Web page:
Alicja Kwade

Materia Prima
"Wonderment and the Inexplicableness of the Whole Inspire Me.” Alicja Kwade
Release Date: 
February 2012
Credits: 
Published by Distanz
Format: 
16,5 x 24 cm
Features: 
256 Pages, approx. 150 color images, hardcover
Language: 
German / English
ISBN: 
978-3-942405-58-4
Catalog Price: 
$60.00
Shop Price: $60.00
 

About This Book

Few positions in art currently attract more attention than the works of the young sculptor Alicja Kwade (b. Katowice, 1979; lives and works in Berlin). They show how easy it would be to lift our construction of reality off its hinges. In her installations, objects, and photographs, experiments in philosophical thought take concrete shape, reminding us that we cannot understand everything. Both social conventions and the laws of physics are at stake. Alicja Kwade’s discreet interventions in scenes of everyday life can invert gravity, transmute pebbles into jewels, and even open doors to parallel worlds. She tries to render the invisible visible, to comprehend the unimaginable. To this end, the artist creates sometimes poetic, sometimes absurd forms in a world otherwise determined by reason. The texts in this book are likewise unusual: in addition to an introduction by the art historian Eveline Suter, it includes an essay by Alicja Kwade’s mother, the biologist Elisabeth Kwade, about why artists are different, and the well-known furniture maker and author Rafael Horzon contributes a jester’s play.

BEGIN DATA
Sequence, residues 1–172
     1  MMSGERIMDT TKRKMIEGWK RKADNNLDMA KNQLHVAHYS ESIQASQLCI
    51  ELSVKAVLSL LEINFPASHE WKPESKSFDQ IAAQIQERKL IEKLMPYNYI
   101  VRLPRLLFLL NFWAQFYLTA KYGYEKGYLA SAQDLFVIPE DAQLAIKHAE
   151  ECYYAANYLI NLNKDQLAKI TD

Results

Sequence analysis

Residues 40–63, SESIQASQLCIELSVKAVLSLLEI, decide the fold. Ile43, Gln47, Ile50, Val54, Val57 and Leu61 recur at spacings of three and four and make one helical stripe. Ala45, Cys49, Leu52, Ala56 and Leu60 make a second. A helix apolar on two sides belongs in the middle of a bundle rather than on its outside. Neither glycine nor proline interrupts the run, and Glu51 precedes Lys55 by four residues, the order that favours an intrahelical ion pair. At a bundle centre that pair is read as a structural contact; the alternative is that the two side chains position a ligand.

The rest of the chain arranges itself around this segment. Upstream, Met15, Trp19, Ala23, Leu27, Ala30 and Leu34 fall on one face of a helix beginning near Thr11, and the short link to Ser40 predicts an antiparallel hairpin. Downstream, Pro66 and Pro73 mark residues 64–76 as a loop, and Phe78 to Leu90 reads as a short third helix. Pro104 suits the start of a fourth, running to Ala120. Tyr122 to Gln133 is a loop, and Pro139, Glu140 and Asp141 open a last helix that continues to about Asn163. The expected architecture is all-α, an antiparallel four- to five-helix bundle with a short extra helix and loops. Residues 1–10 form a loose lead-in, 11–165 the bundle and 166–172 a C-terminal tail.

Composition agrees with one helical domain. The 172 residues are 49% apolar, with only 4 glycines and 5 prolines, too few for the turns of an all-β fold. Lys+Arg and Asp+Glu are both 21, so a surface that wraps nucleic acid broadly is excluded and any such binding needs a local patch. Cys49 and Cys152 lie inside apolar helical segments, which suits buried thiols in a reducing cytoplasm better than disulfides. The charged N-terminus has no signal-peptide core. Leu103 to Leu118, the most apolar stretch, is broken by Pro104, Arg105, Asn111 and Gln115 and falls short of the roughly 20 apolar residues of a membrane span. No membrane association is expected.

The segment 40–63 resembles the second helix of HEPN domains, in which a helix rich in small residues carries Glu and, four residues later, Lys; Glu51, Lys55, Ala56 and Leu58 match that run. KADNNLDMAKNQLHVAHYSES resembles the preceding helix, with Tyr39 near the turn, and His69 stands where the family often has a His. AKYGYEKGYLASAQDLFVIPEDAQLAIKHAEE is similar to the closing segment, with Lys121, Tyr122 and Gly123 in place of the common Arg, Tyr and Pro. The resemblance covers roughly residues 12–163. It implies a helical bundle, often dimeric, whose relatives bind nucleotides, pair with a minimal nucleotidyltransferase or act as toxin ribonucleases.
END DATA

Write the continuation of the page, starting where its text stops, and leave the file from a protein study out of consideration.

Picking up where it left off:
More About This Book

Few positions in art currently attract more attention than the works of the young sculptor Alicja Kwade (b. Katowice, 1979; lives and works in Berlin). They show how easy it would be to lift our construction of reality off its hinges. In her installations, objects, and photographs, experiments in philosophical thought take concrete shape, reminding us that we cannot understand everything. Both social conventions and the laws of physics are at stake. Alicja Kwade’s discreet interventions in scenes of everyday life can invert gravity, transmute pebbles into jewels, and even open doors to parallel worlds. She tries to render the invisible visible, to comprehend the unimaginable. To this end, the artist creates sometimes poetic, sometimes absurd forms in a world otherwise determined by reason. The texts in this book are likewise unusual: in addition to an introduction by the art historian Eveline Suter, it includes an essay by Alicja Kwade’s mother, the biologist Elisabeth Kwade, about why artists are different, and the well-known furniture maker and author Rafael Horzon contributes a jester’s play.
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